The 2015 Alpina Seastrong Diver 300 Chronograph Big Date is yet another “affordable” diving companions. The reliable and accurate quartz mechanism packed into a visually attractive, nicely sculpted stainless steel body, making the timepiece a perfect “first real Swiss watch” for a young customer who still can’t afford to buy “a real thing” that costs 10 times more.
A well-designed object deserves to be sold in great numbers. However, when it comes to luxury items, their production numbers are often artificially limited due to (often, prohibitively so) higher price tag compared to a product with similar functionality but designed to satisfy the tastes of, um, common people. Luckily, the industrial revolution and capitalism awarded us with a thing called “price discrimination”, a concept that allows a brand to sell almost the same goods at different prices in different markets or market niches.
Get a good watch, replace a mechanical movement that powers it with a less fancy quartz mechanism, get the price halved and here you have a brand new product that will greatly increase your loyal customer base with a good chance that some of these new customers will later buy a more expensive product sold under the same brand. Brilliant! Car manufacturers and Apple do this all the time with an almost invariably great result: as long as the product is good, you get yourself thousands of customers who will follow you to eternity and beyond.
Frankly, I don’t pay much attention to the brand so I somehow missed that point in time when their Extreme Diver line was rebranded as Seastrong collection. The collection is divided into two parts with more expensive pieces being powered by self-winding mechanisms and more affordable ones getting not-so-fancy quartz calibers.
While most quartz-powered versions look like exact twins of their automatic-powered siblings, this new Seastrong Diver 300 Chronograph Big Date dwells in a market niche of its own. Perhaps, it has something to do with the “Big Date” part of its name: Alpina doesn’t have a respective mechanical movement that would allow for such a dial layout.
The rest, including the shape and size of its stainless steel case, as well as the styling of its broad hour and minute hands (and other elements of the dial) is virtually identical. Or, at least, I don’t see any serious differences here save for the shape of its applied hour markers.
The case still comes in the same 44 mm width that gives the timekeeper a sort of muscular presence. It also significantly limits the number of model’s loyal customers since, being as large as it is, the case may look massive (but not ridiculously so, which is a plus) on a normal wrist.
A good thing about the case is that it features an elaborate design although those preferring a minimalist approach to industrial design should, too, look in another place.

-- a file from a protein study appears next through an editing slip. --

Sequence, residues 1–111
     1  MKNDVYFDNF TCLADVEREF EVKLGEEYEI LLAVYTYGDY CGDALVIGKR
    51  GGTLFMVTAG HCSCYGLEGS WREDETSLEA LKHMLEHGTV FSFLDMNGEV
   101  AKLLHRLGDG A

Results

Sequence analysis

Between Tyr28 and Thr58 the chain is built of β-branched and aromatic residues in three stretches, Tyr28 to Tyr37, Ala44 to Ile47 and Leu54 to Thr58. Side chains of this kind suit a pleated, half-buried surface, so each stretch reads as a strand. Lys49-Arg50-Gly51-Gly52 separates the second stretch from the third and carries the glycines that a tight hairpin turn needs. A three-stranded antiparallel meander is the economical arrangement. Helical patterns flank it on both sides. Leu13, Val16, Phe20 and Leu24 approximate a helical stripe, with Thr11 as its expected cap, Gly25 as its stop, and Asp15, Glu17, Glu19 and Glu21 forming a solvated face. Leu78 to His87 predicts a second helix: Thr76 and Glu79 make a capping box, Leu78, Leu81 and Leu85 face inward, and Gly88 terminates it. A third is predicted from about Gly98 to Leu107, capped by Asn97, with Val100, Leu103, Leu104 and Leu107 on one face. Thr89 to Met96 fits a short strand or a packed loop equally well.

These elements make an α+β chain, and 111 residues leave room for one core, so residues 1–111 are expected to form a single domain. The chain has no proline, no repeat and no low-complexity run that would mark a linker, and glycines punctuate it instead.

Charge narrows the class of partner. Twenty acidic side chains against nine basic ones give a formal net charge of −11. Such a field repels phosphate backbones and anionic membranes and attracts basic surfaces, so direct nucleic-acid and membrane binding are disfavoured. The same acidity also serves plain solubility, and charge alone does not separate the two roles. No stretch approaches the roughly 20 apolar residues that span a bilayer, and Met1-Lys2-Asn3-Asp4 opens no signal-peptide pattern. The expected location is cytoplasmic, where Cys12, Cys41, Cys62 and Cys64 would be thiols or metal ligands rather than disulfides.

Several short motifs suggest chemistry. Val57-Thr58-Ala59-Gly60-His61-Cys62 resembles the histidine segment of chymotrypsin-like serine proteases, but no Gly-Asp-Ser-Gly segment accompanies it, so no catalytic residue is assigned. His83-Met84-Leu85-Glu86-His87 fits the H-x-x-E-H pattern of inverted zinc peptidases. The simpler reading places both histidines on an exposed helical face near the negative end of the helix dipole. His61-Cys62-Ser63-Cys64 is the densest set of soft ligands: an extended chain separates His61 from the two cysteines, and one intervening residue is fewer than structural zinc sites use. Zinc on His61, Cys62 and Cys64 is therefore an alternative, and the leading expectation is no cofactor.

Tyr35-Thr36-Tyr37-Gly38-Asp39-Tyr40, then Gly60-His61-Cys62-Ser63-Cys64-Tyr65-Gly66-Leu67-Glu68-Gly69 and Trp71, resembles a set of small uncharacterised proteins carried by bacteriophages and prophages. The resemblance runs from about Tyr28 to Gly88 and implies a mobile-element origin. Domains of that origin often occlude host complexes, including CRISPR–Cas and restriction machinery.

What worries me a bit is the shape of the setting crown that, despite a pair of guards, still is potentially exposed to shocks so using this piece as a real ‘beater’ would probably not be such a good idea. It is still a nice fashion accessory though.
As usual for the Swiss watchmaker, the watch is offered in several colors of its bezel: black (ref. AL-372LBG4V6), orange (AL-372LBO4V6), Bordeaux (AL-372LBBRG4V6), and darkish sort of blue (AL-372LBN4V6). Plenty to choose from.
The movement that powers this device is officially called Caliber AL-372. Judging by its list of functions (those including a 1/10th of seconds chronograph with “add” and “split” functions) and the fact that it is built on 13 jewels and also sports a guaranteed power reserve of four years, I can safely assume that it is a rebranded Ronda 5040.B blank caliber. If I am correct, congratulations: you are about to purchase a timekeeper with a well-built, repairable mechanism that is as reliable as it is accurate.
Personal preferences aside, the dial is easy to read thanks to its high-contrast black and white color scheme. The way the “frame” on the minute hands, as well as the small-seconds hand at 6 o’clock and the signature triangular counterweight on the chronograph seconds hand, are color-matched to the unidirectional rotating bezel give the Alpina Seastrong Diver 300 Chronograph Big Date that healthy dose of class that you would rightfully expect from a timepiece that costs almost CHF 1000 (a bit less than $1100 at the current rate).
The hands, the hour markers, and even the elements of the diving scale on the bezel are covered with a decent amount of Superluminova that is bright enough for the watch to be readable not only in total darkness (that would be easy) but also in places with competing sources of light, like, say, a movie theater.
Build quality: 5/5
Value for money: 4.5/5
Alpina Seastrong Diver 300 Chronograph Big Date specification
Price: CHF 995
Movement: Quartz, Caliber AL-372 (base Ronda 5040.B?), Swiss Made
Number of jewels: 13
Power reserve: 48 months
Functions: Hours, minutes, seconds, big date, 1/10th of seconds chronograph, ADD and SPLIT functions
Case and Bezel: Stainless steel
Crown: Rubber-molded steel
Bezel shape: Round
Size: 44.00 mm
Hour markers: Luminous, applied
Water resistance: 300 meters
Strap: Black genuine “Trieste” leather strap, water-resistant
Back: Solid, screw-in, engraved